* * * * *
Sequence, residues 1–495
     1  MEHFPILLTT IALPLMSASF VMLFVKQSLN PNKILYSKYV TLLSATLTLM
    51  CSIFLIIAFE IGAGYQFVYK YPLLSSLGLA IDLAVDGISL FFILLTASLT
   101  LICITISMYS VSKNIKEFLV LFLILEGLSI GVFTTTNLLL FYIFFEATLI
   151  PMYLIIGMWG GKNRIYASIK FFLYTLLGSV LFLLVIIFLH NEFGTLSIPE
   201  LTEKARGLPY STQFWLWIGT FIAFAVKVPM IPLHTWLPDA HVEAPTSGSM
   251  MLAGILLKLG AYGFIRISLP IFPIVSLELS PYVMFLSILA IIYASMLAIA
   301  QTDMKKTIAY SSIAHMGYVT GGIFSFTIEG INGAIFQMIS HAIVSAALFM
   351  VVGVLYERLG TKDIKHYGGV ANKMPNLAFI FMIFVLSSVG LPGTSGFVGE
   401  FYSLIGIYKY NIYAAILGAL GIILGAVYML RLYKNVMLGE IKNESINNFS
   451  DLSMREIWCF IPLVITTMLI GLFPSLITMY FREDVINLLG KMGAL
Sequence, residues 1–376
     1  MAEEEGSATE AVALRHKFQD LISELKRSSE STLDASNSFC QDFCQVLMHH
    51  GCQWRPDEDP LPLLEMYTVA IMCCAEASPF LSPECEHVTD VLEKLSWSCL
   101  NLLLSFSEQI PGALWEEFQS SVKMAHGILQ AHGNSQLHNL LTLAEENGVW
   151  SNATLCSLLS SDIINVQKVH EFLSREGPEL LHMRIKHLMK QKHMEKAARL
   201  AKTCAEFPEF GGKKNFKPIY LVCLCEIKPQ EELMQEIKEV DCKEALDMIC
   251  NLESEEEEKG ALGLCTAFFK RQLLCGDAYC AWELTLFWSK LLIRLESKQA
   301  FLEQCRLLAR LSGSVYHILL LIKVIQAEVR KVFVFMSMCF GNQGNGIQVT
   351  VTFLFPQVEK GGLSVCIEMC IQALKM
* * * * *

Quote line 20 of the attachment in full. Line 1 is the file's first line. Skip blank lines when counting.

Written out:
   351  VTFLFPQVEK GGLSVCIEMC IQALKM